Problem solving

Wednesday, October 30, 2013 - 19:00

Top performers in any field become good at problem solving because they learn to see how things connect. When we learn how things connect, problems become less complicated.

It means when we address any one area of the problem with a sound solution, the rest of the components of the problem will be affected for the better as well, but you have to start somewhere.

Albert Einstein said, “No problem can be solved from the same consciousness that created it. We must learn to see the world anew.”

We do not want to attempt to solve a problem with the same type of mentality that created the problem, or we may wind up with a bigger problem. We have to be able to think differently, at a higher, clearer level, than when we got ourselves into the middle of the problem.

Most people are passive about their problems. They let them happen to them, instead of taking control of them and finding a solution.


Start somewhere

Settle one difficulty and you keep a hundred others away. The biggest problem faced by people is fear. However, the Bible says that perfect (complete) love casts fear out (I John 4:18).

When the nation of Israel was on the banks of the Jordan River, about to go into the Promised Land, they stood in fear because of the enemy waiting on the other side of the river (Numbers 13 and 14). It was their fear and what resulted from it that sent them back into the desert.

Joshua and Caleb were the only ones that said, “We can do this.” They knew that the problems weren’t across the river — they were in the hearts and minds of the people.

That’s why Jesus dealt with people’s hearts and minds. He knew that if he solved the problems there, he would solve all the rest of their problems as a result.

Problem solvers are good at boiling things down. Instead of seeing problems of great stature (Num. 13:32-33), you see one or two that you can move on immediately. Solve those and you start to solve the rest.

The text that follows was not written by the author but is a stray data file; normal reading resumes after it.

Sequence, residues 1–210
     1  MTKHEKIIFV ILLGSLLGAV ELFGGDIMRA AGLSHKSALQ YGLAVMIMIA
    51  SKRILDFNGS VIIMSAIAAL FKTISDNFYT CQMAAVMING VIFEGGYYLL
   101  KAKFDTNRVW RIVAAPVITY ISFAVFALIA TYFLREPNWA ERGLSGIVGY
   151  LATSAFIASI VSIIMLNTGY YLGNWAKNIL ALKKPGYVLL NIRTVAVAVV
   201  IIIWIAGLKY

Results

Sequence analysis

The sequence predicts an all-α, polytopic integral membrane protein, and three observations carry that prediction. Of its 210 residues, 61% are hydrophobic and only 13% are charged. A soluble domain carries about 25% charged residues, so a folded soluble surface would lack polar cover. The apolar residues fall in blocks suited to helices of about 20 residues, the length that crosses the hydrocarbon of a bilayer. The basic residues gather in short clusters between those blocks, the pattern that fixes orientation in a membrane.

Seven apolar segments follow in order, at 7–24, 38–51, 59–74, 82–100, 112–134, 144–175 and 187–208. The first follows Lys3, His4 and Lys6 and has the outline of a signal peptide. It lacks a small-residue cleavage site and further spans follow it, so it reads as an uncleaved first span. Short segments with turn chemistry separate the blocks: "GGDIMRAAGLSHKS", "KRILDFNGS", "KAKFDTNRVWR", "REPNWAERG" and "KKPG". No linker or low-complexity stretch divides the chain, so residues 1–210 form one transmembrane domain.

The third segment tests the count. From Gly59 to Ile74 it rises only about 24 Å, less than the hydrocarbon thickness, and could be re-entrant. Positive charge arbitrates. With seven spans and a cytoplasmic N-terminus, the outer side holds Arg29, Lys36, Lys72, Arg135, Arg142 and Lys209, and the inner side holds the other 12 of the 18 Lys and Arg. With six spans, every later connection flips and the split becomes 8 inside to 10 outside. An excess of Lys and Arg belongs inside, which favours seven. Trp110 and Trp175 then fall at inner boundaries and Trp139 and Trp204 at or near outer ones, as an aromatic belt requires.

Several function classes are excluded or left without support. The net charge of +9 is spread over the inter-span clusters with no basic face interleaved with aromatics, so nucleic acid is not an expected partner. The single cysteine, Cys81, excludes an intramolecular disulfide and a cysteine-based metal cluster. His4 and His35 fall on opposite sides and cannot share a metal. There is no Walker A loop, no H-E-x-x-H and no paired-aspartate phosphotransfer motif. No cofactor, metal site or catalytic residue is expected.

Taking control, responsibility

God has given those that follow him the power to take control of any situation (II Timothy 1:7). He was literally saying that when we take the initiative, we are forcing the issue to a good outcome. If we don’t take the initiative on, our problems they will get worse. Any battlefield commander knows that when the initiative is lost, retreat or withdrawal is not far behind. It means that when we become timid in the face of our problems, we lose the advantage that God has given us.

It isn’t just having the advantage, it’s keeping it. God has given us the power to see things in their simplest form regardless of how complicated they may seem to be. We must remember that it is never the potency of the opposition that gets us. It is the weariness in us that gets us. Problem solvers know that you do not get better without follow-up and follow-through.


A mind for solving

The sound mind is the trained mind and that is what is being talked about in II Timothy 1:7. The words “sound” and “mind” are the same in the Greek. They both mean discipline or self-control. That is going to be necessary when the pressure is on.

One part of military training involves timing and terrain. Troops are expected to locate key points in quick order. It is a matter of seeing a goal in the context of related factors. It is called orienteering for which there are international competitions.

Those that advocate the teachings of the Bible should be better oriented to the spiritual terrain than anyone else. It’s making the right decisions at the right time.


Dr. M. Hildon Guy is the President of the University of Christian Studies and Seminary in Eagle River, Alaska. He also serves as a board member of Love INC, Eagle River. (

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